Pet Jackdaws; the start of the Hiltingbury woodland clearance; a lot of orchids; the first Glow-worm for years; angry caterpillars; the Felon’s Grave and beloved Winchester Cathedral.
Gran writes on June 2nd 1948 (at a time, of course, before the introduced Grey Squirrel became such a confounded nuisance, and people’s attitude to it changed:
Cycling along a quiet lane I was startled when a Grey Squirrel leapt off a post almost into my lap, but my surprise was nothing compared to his. He lost his head completely, tried to regain the post but instead plunged into the wire netting beneath it, where he struggled desperately to get through. How I wish the little wild creatures knew that I would never hurt them!
A week later:
Barry saw a baby Jackdaw on the islet in Cranbury Lake and it seemed afraid to fly ashore. He waded in for it and found it wet and cold. After drying and warming it inside his coat, he was tempted to bring it home for a pet as it was so friendly but he wisely refrained and released it. We have had two Jackdaws, each reared by hand and very tame, but we lost both tragically and we get so fond of them that the loss is too great.
Concerning one of these much-loved birds, Dad tells me, “Some years ago, I had taken a baby Jackdaw from its nest in Cranbury Park; at first we had to force feed it with a fountain-pen filler, but it soon adopted me as its surrogate parent and came at once to be fed with solid food. By day it flew free in the garden, but at night it returned of its own accord to the garage to roost. Whenever I went out on foot or on my bike, “Jack” had to be shut in the garage until I was out of sight before being released again. Cycling home up the nearby hill, I had only to call “Jack!” once or twice and he would come down the road to meet me, and settle on the handlebars”.
On June 10th:
There seems to be great deal of tree-felling going on all over the countryside, even in gardens the owners seem to be indulging in a positive orgy of destruction, wanton and unnecessary, I think.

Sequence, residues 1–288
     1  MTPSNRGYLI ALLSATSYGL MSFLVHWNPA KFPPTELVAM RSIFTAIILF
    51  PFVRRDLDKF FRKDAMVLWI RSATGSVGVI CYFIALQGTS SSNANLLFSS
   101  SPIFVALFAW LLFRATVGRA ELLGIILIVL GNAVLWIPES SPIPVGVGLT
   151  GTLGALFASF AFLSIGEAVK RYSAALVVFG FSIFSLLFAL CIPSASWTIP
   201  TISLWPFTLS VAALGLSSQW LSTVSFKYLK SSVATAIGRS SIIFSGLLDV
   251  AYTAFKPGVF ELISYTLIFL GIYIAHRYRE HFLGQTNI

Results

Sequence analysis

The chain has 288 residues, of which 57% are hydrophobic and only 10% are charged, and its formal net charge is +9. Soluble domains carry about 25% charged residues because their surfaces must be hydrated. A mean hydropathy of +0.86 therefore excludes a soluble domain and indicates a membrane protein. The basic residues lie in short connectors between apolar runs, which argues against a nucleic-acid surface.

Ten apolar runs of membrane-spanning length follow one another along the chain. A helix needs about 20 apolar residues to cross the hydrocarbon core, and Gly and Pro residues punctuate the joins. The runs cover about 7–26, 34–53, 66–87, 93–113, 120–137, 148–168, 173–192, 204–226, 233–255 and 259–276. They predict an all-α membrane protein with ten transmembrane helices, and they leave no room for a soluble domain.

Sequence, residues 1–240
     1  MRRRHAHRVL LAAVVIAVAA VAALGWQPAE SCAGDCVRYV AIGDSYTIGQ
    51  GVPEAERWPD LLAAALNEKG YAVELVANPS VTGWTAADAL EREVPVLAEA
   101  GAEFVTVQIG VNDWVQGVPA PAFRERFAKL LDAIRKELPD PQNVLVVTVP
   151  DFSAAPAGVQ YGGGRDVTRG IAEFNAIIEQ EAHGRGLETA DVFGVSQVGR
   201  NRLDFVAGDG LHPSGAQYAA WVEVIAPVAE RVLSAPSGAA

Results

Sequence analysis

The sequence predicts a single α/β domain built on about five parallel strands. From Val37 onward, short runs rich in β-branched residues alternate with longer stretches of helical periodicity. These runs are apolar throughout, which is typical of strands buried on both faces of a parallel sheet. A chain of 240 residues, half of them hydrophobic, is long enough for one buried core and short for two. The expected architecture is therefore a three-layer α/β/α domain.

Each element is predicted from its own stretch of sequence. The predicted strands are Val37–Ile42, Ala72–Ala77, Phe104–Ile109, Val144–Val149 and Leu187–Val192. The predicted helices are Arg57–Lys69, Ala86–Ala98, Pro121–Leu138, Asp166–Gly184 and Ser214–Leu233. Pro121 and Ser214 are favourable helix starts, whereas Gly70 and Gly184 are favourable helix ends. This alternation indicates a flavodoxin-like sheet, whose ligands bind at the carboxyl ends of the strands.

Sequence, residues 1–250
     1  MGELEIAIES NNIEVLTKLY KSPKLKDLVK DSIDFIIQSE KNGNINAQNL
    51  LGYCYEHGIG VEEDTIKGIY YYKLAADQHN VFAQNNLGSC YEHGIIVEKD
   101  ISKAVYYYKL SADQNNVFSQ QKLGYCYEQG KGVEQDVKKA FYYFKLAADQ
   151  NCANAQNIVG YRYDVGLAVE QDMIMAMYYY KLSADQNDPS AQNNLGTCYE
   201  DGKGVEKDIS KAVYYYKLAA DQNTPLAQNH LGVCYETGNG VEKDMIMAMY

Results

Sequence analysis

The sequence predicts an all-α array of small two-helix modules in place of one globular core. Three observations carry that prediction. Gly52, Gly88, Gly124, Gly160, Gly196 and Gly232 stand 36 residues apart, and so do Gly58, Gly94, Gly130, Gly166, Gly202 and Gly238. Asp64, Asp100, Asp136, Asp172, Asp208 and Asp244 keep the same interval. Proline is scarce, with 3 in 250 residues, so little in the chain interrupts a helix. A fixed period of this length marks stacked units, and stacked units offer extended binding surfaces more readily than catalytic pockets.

And she endorses the words of Richard Perry who writes in his book, At the Turn of the Tide: – “I live in an age that has forgotten its birthright. Never before have men had so little interest in their own land. We are breeding a nation of urbanites, whose cheap, artificial pleasures are found in towns; to whom the country is virgin land to exploit for money…”
There is a wasps’ nest in the garden next door and they propose to get rid of it with creosote. I hope I do not run into the infuriated occupants!
And later that day, on her bicycle to Farley Mount:
Passing through Hursley my attention was immediately attracted by a field which looked as though a mighty hand had laid down a gigantic Persian carpet of rich scarlet and green hues. Yes! You have guessed it! Poppies in a field of growing corn, – undisciplined weeds, no doubt, but things of beauty all the same.
A Brown Rustic moth came to sugar tonight and a Glow-worm was in the front garden – the first I have seen here for years, though there were several about the garden when we came here twenty years ago, when the ground was undeveloped.
Gran makes several trips to her beloved chalk areas during June, looking for many flower species but particularly for orchids, for which she has a clear passion, several times writing that when she spies one, especially Bee or Greater Butterfly, her breathing stops for a couple of seconds and she is filled with ecstasy.
This may seem a little over-emotional but I myself remember my own response on seeing my first Lizard Orchid (rare and particularly weird-looking) after several years of a powerful desire to see it, and several failed trips to locate a small colony found by Gran along the dismantled railway line at Downton. This was on the Devil’s Dyke across Newmarket Racecourse. I was alone but involuntarily let out a cry – and probably stopped breathing for a second or two as well!
As an example of “A truly delightful afternoon and one which filled me with a quiet ecstasy and thankfulness for all God’s wonders which are mine for the seeking”, Gran writes:
Whitethroats were singing in the hedges along the lane leading up to the downs along the Petersfield Road – the downs which today yielded no less than five species of Orchids, including my favourite, Ophrys apifera (Bee Orchis). The others were the rare Aceras anthropophora (Man Orchis), rather past its best, but recognizable beyond doubt, Habenaria conopsea (Fragrant), Orchis maculata (Spotted) [this would have been what is now called Common Spotted Orchid (Dactylorhiza fuchsii) ] and Listera ovata (Common Twayblade).
She muses on June 18th: